• Homeworking: With an increasing number of employees working from home, it is vital organisations have a suitable home working policy in place. Where there is already a home working policy in place, this should be reviewed and updated as appropriate. Many employees may continue to work from home for the foreseeable future and employers continue to have obligations in relation to employees' health and safety, even where they work from home. Risk assessments should be carried out for any home workers and employers will need to consider what equipment will need to be purchased for those employees, including laptops, monitors, stationery and other home office items. Policies should also confirm what is expected of employees working from home in relation to confidentiality and data protection.
• Annual Leave: Consideration should be given to the management of annual leave to promote business efficacy. Under the Organisation of Working Time Act 1997 (as amended), it is possible for employers to require employees to take annual leave at designated times, provided they provide employees with at least one month's prior notice. In doing so, employers must have regard to the need for the employee to reconcile work and any family responsibilities and the opportunities for rest and recreation available to the employee. Ireland has not implemented or proposed any legislation in relation to carry over of annual leave due to COVID-19, so the normal rules apply. Unless your contracts of employment specify the timing of taking carried over holidays, any holidays accrued in 2020 must be taken within six months of the end of that holiday year. For most employers, this will be the end of June 2021.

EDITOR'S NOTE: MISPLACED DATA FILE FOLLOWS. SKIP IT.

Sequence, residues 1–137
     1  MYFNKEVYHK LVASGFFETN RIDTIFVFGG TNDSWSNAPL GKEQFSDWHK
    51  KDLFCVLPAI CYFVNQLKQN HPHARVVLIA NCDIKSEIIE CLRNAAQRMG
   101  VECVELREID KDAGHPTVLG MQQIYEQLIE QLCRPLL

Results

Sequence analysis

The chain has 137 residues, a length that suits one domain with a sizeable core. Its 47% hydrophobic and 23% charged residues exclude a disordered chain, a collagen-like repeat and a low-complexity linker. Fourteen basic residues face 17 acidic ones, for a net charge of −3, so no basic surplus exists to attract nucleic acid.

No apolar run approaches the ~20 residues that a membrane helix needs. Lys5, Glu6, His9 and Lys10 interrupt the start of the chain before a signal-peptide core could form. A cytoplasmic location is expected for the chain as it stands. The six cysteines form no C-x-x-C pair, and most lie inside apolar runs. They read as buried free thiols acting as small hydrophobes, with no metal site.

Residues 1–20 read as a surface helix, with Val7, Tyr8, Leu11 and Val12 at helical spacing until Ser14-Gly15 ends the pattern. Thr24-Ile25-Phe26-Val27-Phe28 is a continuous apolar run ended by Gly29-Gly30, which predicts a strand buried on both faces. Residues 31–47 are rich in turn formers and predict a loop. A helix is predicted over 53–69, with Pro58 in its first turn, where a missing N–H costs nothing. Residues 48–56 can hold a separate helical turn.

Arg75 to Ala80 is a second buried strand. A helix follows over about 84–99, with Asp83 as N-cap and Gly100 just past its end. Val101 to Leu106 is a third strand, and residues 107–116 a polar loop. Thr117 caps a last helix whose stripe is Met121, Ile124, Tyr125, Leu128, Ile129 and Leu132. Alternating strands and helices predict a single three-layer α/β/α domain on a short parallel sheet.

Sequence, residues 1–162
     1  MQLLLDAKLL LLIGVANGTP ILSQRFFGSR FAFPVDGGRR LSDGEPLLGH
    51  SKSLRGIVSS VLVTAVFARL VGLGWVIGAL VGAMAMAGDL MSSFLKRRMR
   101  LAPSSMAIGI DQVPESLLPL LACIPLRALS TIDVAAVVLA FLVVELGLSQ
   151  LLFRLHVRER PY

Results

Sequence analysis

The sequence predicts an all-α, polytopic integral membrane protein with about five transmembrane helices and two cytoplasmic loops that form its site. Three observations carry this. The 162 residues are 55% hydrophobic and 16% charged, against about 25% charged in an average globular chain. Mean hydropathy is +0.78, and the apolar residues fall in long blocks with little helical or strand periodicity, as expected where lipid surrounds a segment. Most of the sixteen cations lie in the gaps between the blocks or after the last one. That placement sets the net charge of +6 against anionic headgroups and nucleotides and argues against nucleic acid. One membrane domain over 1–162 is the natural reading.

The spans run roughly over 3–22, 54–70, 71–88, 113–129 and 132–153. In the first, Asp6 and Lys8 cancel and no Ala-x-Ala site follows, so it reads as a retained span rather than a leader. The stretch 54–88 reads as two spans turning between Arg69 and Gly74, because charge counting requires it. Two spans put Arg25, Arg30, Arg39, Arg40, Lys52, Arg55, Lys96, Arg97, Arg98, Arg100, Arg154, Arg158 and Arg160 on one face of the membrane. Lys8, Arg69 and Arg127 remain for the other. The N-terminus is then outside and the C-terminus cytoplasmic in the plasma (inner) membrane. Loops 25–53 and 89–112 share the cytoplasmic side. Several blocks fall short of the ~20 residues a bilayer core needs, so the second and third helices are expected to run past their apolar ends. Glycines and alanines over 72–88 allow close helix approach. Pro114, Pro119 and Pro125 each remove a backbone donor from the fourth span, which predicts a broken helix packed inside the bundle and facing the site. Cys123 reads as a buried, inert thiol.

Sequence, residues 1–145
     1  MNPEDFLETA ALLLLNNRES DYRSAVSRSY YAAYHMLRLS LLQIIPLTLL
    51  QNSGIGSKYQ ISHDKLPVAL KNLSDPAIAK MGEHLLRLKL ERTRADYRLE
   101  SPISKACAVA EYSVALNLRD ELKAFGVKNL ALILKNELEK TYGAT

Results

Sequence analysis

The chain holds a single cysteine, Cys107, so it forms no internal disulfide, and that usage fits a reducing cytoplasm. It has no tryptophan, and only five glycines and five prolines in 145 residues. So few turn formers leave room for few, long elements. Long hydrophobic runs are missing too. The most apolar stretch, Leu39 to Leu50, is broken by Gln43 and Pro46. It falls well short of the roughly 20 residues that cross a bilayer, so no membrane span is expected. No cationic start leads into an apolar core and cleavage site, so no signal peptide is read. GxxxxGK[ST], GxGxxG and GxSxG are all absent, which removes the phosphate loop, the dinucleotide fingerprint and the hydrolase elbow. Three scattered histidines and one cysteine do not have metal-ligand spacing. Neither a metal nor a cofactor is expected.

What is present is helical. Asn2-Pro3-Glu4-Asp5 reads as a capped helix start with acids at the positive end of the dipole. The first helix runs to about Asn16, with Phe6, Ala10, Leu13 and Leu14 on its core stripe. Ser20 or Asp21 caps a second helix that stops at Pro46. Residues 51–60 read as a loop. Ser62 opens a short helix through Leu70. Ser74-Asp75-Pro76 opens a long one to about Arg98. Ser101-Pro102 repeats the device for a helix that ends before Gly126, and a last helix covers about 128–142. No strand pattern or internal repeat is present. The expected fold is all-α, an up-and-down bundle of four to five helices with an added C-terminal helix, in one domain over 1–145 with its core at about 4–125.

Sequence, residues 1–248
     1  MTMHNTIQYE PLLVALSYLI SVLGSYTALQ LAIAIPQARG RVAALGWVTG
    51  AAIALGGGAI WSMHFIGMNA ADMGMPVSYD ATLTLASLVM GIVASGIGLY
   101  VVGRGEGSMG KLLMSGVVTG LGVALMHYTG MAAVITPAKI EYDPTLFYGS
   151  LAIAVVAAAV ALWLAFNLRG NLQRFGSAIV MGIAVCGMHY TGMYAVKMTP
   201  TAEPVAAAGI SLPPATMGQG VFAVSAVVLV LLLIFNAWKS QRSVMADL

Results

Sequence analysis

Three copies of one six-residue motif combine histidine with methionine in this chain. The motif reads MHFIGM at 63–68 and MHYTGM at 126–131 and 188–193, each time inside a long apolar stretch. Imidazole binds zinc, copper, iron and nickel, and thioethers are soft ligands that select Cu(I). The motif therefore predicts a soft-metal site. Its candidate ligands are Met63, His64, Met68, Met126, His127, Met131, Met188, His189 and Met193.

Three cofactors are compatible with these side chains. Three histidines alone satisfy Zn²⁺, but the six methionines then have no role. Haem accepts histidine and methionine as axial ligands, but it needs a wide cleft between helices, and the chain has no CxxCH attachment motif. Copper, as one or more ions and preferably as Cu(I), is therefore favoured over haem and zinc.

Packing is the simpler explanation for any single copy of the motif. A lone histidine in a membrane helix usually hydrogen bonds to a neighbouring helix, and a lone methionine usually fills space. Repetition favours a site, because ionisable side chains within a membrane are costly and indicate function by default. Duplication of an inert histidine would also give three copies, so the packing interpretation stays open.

• Bonus/ Commission: Employers will need to consider the impact of COVID-19 on any bonus/commission arrangements.
• Reorganisation/restructure: Is there a reduction in work? Do employers need to consider reorganisation/restructuring of the business? Is any downturn temporary or permanent?
Policies and procedures:
• Disciplinary and grievance procedures: Consider possible amendments to address social distancing breaches or other reckless COVID-19 behaviour. The protocol sets out various mandatory obligations and employers will need to ensure steps are taken to comply with those obligations. Employers may see a rise in disciplinary issues and grievances relating to COVID-19 and the change in working practices.
• Temperature Checks: The protocol states that employers must implement temperature checks in the workplace, in line with public health advice. There is currently no public health advice requiring employers to conduct temperature checks in the workplace (although this may change in the future). Some employers may consider conducting temperature checks, notwithstanding there is currently no public health advice recommending this. Where temperature checks are carried out, employers will need to be mindful of the issue of consent and data processing within the context of data protection law. Testing should also be carried out consistently across the workforce to help mitigate any discrimination claims.
• Sickness absence: Consider whether any amendments need to be made to sickness absence policies, including requirements to self-report COVID-19 symptoms and to self-isolate.